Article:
6. Be responsible – Acknowledge the culture’s nature of blaming everyone else and commit yourself to take responsibility for yourself and your own work. Make no excuses.
  7. Be respectful – Address your instructors with respect (see image below). Our culture has permitted a more casual relationship where you might be permitted to use first names. I wouldn’t do that unless they insist. Always use a title – Mr. /Ms., Professor, Instructor, or whatever is appropriate. Never call them solely their last name (not even behind their back – be nice) and never address them in an email as “Hey Professor Calisti or Hey there.” These people are educated professionals, not your friends. They have already earned the respect, you don’t have to prove it to yourself first.
  8. Be diligent – Seek out examples and bring those to studio for feedback – share them with your studio. These might be examples of graphics, building components, design ideas, compositional arrangements, or just ways of approaching something. Don’t wait for your instructor to point you in a direction.
  9. Be a risk taker – Try something, anything – just try something. Architecture cannot move forward without attempts at solutions. The first ones are always bad, so hurry up and get them out of the way. Doing nothing will frustrate your instructor and won’t allow for you to have anything to discuss.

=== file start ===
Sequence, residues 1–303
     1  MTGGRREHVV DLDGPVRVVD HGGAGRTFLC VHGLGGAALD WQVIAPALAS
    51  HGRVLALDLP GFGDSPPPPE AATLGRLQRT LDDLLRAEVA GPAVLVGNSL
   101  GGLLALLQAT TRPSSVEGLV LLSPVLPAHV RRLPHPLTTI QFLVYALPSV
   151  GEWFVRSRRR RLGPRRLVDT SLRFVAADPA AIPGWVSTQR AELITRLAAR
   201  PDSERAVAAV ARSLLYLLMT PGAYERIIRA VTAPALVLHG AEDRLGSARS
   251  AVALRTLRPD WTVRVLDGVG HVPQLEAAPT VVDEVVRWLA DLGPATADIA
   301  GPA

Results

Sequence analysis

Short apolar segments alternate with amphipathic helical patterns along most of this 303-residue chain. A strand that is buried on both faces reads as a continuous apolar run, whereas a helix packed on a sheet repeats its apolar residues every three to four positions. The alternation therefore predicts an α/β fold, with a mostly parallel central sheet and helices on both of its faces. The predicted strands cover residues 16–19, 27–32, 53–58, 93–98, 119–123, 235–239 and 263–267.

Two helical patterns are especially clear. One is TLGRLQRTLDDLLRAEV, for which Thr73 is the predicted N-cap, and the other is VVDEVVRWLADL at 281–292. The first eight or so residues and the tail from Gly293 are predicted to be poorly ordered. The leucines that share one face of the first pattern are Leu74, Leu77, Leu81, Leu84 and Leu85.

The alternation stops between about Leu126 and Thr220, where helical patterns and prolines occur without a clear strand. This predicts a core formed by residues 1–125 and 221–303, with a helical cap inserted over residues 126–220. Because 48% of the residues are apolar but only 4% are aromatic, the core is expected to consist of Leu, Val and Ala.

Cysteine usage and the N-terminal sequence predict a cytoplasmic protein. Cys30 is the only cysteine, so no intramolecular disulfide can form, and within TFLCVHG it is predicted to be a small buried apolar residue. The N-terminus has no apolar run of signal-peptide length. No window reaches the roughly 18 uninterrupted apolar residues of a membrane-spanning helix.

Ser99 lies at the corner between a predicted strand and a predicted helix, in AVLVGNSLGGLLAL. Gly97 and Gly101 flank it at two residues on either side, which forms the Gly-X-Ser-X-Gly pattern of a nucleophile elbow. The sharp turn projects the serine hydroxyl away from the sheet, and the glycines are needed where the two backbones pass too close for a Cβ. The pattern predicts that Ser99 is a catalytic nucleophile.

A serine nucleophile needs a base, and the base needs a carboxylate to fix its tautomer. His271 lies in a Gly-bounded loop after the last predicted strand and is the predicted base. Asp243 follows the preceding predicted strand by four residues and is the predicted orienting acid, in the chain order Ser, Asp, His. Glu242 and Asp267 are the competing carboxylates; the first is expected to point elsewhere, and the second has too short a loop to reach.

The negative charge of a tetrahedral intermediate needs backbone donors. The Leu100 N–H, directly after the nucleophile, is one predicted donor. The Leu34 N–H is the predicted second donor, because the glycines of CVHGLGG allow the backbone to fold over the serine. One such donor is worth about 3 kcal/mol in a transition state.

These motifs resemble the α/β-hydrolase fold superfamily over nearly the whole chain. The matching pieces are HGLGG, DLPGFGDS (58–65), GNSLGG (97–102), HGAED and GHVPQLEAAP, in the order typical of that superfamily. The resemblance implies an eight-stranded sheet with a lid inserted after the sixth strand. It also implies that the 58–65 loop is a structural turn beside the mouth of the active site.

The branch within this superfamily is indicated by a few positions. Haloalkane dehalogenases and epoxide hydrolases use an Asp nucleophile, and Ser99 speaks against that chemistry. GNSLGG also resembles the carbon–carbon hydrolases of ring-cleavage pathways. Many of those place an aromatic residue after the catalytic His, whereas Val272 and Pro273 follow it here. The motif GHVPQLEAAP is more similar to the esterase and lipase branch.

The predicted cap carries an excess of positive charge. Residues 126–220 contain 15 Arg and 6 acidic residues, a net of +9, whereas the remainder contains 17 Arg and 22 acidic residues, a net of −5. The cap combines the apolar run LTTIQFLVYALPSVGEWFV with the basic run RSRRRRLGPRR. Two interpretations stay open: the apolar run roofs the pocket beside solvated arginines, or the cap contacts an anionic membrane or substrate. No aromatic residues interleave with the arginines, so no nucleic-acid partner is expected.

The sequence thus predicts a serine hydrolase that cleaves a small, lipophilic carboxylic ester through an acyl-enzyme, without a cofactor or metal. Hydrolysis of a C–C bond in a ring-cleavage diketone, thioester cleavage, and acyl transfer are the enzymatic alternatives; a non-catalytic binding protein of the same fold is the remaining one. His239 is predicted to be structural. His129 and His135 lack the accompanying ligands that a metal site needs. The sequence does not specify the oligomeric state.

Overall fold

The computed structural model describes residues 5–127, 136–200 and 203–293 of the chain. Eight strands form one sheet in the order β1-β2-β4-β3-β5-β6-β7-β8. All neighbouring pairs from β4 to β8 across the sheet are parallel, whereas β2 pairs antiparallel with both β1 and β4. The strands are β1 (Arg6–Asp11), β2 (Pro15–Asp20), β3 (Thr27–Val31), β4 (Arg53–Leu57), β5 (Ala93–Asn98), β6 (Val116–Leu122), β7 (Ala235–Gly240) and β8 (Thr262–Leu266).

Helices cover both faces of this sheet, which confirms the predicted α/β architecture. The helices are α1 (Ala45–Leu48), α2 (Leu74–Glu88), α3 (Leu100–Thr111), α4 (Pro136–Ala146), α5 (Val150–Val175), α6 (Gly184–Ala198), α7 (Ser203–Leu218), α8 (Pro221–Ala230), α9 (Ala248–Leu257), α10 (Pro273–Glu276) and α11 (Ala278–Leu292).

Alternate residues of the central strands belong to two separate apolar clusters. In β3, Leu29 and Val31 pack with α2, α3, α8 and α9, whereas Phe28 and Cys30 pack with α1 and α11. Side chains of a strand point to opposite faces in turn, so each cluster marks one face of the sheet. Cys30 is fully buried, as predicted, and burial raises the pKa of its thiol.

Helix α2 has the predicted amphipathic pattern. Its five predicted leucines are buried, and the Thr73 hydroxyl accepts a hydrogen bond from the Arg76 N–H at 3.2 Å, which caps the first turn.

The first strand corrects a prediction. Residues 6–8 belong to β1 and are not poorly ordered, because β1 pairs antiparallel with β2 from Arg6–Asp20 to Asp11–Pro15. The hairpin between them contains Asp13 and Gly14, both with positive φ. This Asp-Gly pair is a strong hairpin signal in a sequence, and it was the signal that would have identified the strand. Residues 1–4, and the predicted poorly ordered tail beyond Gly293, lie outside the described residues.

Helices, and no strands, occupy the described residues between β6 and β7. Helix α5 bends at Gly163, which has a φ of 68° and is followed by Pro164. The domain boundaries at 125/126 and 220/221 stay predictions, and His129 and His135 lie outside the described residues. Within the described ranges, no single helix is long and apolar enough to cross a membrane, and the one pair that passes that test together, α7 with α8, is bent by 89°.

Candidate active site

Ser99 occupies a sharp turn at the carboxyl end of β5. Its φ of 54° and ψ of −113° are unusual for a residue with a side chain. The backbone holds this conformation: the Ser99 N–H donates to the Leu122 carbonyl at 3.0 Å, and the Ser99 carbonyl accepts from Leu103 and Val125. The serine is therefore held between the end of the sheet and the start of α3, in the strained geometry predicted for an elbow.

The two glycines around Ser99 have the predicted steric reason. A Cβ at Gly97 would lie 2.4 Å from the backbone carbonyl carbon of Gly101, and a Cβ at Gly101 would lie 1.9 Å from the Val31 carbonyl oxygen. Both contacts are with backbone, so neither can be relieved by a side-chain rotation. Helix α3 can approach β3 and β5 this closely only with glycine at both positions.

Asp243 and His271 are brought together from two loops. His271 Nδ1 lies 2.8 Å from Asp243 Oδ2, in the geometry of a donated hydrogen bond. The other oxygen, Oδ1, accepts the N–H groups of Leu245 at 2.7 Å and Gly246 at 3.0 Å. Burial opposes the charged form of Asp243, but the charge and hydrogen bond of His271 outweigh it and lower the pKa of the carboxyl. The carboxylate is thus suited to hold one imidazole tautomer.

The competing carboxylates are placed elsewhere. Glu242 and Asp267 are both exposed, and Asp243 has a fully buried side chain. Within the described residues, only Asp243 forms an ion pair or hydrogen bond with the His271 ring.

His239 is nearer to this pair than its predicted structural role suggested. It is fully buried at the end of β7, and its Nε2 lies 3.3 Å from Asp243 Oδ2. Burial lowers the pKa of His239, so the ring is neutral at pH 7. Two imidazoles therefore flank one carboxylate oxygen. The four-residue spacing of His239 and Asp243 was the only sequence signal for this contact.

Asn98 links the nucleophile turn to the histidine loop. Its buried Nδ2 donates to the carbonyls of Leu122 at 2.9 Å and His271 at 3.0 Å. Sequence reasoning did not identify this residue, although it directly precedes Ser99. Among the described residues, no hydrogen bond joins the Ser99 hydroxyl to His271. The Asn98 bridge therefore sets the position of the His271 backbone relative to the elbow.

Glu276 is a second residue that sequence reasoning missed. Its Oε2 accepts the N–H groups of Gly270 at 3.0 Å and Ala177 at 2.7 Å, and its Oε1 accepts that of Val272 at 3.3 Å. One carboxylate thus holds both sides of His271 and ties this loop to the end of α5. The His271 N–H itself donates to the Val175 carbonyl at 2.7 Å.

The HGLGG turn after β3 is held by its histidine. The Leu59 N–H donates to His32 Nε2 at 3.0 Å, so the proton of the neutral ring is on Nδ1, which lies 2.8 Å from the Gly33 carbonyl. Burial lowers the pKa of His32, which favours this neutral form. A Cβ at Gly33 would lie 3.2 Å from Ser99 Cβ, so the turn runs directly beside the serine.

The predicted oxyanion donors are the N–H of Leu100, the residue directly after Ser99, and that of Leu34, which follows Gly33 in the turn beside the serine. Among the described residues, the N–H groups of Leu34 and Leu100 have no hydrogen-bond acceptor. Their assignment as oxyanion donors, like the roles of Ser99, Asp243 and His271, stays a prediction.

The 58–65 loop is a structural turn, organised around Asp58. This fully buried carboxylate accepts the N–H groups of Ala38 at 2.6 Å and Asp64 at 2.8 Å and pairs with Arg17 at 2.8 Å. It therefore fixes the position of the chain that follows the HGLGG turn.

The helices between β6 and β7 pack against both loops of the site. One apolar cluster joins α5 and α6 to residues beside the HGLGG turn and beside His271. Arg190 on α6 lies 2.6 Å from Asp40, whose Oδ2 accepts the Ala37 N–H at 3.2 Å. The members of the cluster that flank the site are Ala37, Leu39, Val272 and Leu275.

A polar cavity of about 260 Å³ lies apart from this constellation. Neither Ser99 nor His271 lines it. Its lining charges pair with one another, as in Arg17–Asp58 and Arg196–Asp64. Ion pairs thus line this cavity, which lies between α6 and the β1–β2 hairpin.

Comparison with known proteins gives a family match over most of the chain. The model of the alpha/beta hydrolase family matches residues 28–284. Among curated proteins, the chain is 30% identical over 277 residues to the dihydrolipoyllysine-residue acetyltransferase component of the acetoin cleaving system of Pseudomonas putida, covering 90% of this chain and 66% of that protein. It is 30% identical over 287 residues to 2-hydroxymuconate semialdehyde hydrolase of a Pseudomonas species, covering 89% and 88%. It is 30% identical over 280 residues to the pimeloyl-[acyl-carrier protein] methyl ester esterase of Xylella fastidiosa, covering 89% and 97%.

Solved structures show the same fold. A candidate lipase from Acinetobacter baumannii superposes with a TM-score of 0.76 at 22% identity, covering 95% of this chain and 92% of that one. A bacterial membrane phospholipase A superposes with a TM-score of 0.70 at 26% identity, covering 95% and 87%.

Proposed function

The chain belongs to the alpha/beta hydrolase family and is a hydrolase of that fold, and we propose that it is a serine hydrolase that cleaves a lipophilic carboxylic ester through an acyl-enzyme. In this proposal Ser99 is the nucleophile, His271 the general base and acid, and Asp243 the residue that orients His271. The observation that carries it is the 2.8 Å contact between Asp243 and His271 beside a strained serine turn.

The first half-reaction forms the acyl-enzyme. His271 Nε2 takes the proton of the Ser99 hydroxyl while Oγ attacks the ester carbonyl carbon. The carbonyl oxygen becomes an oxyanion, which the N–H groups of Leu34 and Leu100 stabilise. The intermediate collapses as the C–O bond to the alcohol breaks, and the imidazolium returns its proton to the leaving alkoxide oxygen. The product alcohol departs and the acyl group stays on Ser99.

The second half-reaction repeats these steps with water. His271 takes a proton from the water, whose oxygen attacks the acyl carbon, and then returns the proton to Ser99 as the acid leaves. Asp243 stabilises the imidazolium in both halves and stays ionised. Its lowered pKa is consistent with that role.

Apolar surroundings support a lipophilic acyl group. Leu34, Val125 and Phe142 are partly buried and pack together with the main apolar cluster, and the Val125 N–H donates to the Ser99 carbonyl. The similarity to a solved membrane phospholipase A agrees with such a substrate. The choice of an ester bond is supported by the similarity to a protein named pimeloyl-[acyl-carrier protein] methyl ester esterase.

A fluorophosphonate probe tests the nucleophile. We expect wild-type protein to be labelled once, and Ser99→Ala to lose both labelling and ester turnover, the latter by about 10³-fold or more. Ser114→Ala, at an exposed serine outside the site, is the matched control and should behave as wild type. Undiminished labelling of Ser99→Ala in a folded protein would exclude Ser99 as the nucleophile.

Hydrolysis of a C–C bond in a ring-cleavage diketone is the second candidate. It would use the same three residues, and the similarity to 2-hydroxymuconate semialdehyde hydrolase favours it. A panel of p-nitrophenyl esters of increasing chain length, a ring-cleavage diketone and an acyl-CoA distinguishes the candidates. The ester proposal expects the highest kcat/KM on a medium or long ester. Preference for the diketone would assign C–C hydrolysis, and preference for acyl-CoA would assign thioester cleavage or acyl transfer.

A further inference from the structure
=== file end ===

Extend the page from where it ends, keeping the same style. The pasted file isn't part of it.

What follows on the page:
10. Be visual – Don’t tell your instructor what you are thinking – show them. We are architects; we are visual people. Graphics and models are the vehicle by which we can measure ideas, suggest solutions, develop and make architecture. No one can read your mind, nor should they. See item #2 above.
  11. Be open to multiple ideas – Iterate. We used to say in school, there are no Mozarts in architecture. If I have to explain that, it’s not funny. Architecture is made by testing multiple ideas, studying various methods of approach and assembly. The first solution is rarely the best solution. The strongest solutions are typically found by testing alternate and opposite ideas and weighing strengths and weaknesses. When more than one idea or concept is alongside each another, the ability to test and judge is possible. Edit your work.
  12. Be a maker. Architecture is more than ideas. In fact, ideas are worthless until they take on form and context. Ideas lead to architecture, but great architecture is about more than one thing. You must be able to articulate your thoughts through a visual medium. However, architecture is about space too, so the third dimension is the most critical. If you are strong with 2D graphics but weak in 3D, you need to think about this career seriously.
  13. Be curious – Ask questions. Develop a sense of wonder and imagination. If you can’t posit reasons for something, you have a poor sense of curiosity. It might have killed the cat, but curiosity saved the architect.